As the state’s system for providing legal representation to poor Mainers defends itself against a lawsuit claiming it’s not doing its job, state leaders are trying to address the very concerns raised in the suit.

The ACLU of Maine filed the complaint last March against the Maine Commission on Indigent Legal Services on behalf of five Mainers facing criminal charges, all of whom say the state violated their Sixth Amendment right to effective counsel. They allege they weren’t getting enough time with their attorneys, who weren’t responding to calls, and they didn’t understand the evidence against them or the hearings they attended.

Underlying it all are years of concerns that MCILS, a state-funded entity that maintains a list of private attorneys willing to take on these cases, has not been doing enough to recruit, retain and supervise them. The commission has been included in various reports from the Sixth Amendment Center, a state watchdog agency, and most recently the U.S. Commission on Civil Rights.

MCILS is just one segment of a state court system that’s been increasingly overloaded. There was an 80% increase in unresolved felony cases in June 2023 compared to June 2019, according to data from the Maine Judicial Information System, and a 58.5% increase in unresolved misdemeanors.

The Maine Monitor reported that MCILS and the ACLU are nearly ready to present the court with a settlement plan on how to improve legal representation for criminal defendants, attorneys for both sides said Friday during a brief hearing in Augusta.

Significant progress has been made on the agreement “on the terms within our control,” but there remain “two external conditions that need to be satisfied in order for this to happen,” Carol Garvan, legal director of the ACLU of Maine, told Superior Court Justice Michaela Murphy.


Details of the settlement agreement and the two conditions yet to be satisfied were not disclosed Friday, the Maine Monitor reported.

The ACLU and MCILS did not respond Friday to queries from the Portland Press Herald about the hearing.

As the lawsuit has dragged on for more than a year despite various attempts at reaching a settlement, MCILS commissioners and lawmakers have launched several efforts that dovetail with the lawsuit’s intentions.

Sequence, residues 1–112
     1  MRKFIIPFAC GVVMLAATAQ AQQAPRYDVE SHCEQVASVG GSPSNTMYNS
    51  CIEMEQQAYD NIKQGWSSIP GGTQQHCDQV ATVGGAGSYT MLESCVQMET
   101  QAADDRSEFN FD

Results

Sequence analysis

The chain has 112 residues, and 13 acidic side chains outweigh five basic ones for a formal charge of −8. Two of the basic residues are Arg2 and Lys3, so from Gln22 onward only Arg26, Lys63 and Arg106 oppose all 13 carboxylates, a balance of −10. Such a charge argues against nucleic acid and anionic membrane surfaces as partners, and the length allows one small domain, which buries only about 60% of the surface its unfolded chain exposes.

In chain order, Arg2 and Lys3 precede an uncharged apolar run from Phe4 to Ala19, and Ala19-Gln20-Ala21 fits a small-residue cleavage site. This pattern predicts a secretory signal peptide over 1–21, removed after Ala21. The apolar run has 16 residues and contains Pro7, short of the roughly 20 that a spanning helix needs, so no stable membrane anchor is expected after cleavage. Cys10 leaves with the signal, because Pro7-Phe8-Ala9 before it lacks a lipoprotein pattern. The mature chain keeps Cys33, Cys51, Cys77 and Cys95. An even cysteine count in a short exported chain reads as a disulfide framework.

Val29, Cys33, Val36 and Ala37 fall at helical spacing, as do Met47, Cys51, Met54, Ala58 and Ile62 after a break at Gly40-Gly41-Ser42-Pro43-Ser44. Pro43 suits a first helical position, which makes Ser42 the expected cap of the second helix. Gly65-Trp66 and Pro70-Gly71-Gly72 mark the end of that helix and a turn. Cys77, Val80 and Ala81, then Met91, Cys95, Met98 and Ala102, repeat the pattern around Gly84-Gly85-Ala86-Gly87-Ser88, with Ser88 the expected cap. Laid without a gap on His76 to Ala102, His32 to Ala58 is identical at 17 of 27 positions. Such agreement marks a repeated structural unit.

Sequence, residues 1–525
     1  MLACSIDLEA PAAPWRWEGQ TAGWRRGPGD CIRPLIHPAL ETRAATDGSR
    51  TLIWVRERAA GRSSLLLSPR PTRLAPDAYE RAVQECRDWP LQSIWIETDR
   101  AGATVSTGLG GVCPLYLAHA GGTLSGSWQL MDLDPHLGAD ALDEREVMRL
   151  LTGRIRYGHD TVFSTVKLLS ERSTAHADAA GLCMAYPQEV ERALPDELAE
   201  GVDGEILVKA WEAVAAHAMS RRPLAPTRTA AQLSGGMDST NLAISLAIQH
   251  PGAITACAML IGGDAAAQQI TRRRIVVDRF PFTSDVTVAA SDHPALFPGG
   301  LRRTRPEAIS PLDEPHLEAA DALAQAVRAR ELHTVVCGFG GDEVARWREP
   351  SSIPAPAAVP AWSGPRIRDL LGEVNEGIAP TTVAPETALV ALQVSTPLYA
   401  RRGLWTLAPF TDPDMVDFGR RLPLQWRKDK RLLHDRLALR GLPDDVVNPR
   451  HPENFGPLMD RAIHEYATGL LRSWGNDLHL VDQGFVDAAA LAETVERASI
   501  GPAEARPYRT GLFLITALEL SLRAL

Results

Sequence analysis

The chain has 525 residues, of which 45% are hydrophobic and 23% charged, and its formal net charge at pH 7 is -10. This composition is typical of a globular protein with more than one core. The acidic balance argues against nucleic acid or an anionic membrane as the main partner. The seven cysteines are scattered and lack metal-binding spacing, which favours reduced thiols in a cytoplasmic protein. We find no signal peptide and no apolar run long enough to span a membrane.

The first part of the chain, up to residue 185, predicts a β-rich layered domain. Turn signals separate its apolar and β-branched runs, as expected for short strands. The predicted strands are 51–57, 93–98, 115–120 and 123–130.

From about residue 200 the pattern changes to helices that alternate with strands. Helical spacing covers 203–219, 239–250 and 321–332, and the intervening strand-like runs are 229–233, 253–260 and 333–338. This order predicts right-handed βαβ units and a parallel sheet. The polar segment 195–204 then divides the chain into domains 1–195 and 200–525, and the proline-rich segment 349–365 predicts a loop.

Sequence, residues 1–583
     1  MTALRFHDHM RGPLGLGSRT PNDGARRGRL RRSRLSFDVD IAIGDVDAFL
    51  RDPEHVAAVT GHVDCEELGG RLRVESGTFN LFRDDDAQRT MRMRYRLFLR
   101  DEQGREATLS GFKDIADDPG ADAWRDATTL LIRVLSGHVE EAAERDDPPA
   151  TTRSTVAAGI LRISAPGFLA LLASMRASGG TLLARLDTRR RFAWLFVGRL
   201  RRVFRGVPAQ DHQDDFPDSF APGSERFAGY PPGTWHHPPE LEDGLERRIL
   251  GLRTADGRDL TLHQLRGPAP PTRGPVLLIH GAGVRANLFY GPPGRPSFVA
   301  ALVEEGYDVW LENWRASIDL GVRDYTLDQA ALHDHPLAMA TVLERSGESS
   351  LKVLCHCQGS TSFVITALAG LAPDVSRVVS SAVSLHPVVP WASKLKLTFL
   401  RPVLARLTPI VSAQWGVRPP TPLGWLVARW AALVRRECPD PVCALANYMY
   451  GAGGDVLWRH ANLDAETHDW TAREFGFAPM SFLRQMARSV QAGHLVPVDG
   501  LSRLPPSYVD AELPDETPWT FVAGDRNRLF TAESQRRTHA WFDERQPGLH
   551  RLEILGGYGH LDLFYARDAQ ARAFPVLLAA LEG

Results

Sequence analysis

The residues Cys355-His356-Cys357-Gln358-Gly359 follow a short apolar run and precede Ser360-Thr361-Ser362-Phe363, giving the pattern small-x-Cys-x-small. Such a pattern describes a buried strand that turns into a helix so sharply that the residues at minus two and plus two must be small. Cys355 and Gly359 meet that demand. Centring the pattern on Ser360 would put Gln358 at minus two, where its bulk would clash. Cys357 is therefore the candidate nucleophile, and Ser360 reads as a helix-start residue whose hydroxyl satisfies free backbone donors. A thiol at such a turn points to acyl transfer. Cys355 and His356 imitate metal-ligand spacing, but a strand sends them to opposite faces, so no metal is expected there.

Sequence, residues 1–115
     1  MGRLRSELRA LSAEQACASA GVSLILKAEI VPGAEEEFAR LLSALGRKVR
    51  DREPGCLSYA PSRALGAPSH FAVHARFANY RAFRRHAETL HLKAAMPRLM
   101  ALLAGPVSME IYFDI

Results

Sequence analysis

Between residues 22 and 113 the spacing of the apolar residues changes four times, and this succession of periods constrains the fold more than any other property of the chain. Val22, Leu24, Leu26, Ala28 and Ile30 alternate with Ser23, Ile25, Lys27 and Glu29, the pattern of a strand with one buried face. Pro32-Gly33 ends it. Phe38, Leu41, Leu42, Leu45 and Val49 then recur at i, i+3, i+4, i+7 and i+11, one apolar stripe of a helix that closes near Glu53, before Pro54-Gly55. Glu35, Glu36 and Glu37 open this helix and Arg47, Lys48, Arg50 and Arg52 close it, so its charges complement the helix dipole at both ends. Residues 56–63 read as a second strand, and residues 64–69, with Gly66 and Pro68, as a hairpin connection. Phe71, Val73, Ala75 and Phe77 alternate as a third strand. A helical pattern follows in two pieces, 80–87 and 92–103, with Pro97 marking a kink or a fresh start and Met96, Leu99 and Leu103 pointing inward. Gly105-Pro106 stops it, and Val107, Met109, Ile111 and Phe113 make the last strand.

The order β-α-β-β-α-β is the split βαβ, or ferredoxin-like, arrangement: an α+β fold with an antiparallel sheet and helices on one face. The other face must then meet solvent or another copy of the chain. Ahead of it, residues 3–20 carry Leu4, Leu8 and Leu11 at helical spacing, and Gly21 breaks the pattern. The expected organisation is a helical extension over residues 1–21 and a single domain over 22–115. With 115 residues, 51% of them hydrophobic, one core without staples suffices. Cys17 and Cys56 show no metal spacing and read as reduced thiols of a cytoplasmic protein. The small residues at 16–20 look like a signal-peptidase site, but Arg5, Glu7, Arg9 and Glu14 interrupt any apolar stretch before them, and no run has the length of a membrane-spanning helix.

Earlier this year, the state raised its reimbursement rate for attorneys from $80 to $150 an hour after it found a pool of $2.6 million leftover from a previous budget.

The state hired its first five public defenders late last year and lawmakers are currently weighing the governor’s budget request to add funding for 10 more.

And the commission now has a new executive director, Jim Billings, who took over for Justin Andrus in May.


Billings said Thursday that MCILS is requesting money in the budget to create a “self-sustaining,” brick-and-mortar public defender’s office, in addition to the existing mobile unit, that will also serve rural communities where cases have become increasingly difficult to assign.

But as scores of other bills vie for funding in the winding days of the session, it’s unclear what MCILS will end up with.

“We’re hopeful, but we don’t know if we’re going to get anything near what we asked for,” Billings said. “I think people are supportive, but I don’t know what’s going to come out of the process.”


A few bills considered in this year’s session offer some solutions to problems the lawsuit identified.

In early June, the Judiciary Committee recommended a bill that would allow the MCILS director to report attorneys to the Board of the Overseers of the Bar. It would also give MCILS access to jail logs of pre-trial detainees so they can better track who’s represented and who’s not.


The ACLU and MCILS both testified in support.

“The heart of our case is that the state is obligated to make sure that the lawyers provided for people are adequately screened, trained, supervised, evaluated and supported,” Chief Legal Counsel Zachary Heiden for the ACLU said at a June 6 public hearing.

Assistant Attorney General Sean Magenis, who is defending MCILS in the lawsuit, said at the same hearing that the bill “will improve MCILS’ ability to execute its legislative mandate, to provide services to indigent defendants.”

The ACLU said in a recent statement that it has thrown its weight behind roughly a dozen legislative proposals this year that have to do with the commission’s work, but would not say if any of it was settlement-related.

“These bills would help bring Maine closer to meeting its most basic obligation to uphold the constitutional right of all people accused of a crime in Maine to have adequate legal counsel,” wrote ACLU spokesperson Sam Crenkshaw. “Until the state fulfills its obligations and upholds this fundamental right, we will continue pursuing solutions and holding the state accountable both in court and in the legislature.”

MCILS is also working to change its rules on how many cases its attorneys can accept – a process the ACLU has also weighed in on.


The standards, which MCILS was required by law to enact, could ensure no attorney is taking on more cases than they can handle. However, commissioners have held back on enacting the rules as they wait to see how the latest budget shakes out.

Billings is already worried it could stifle the commission’s ability to provide enough lawyers.

“Putting the caseload standards into effect on day one is going to mean 25% to 40% reduction of availability of counsel,” he said. “It has the potential of making an already strained system, and adding to that pressure, turning up the heat on the pressure cooker.”

The commission’s rosters are at the second lowest they’ve ever seen, staff said this month. Only 165 of the 212 active attorneys on June 13 were accepting trial-level work, staff wrote. More than 70 were over the proposed caseload limits.

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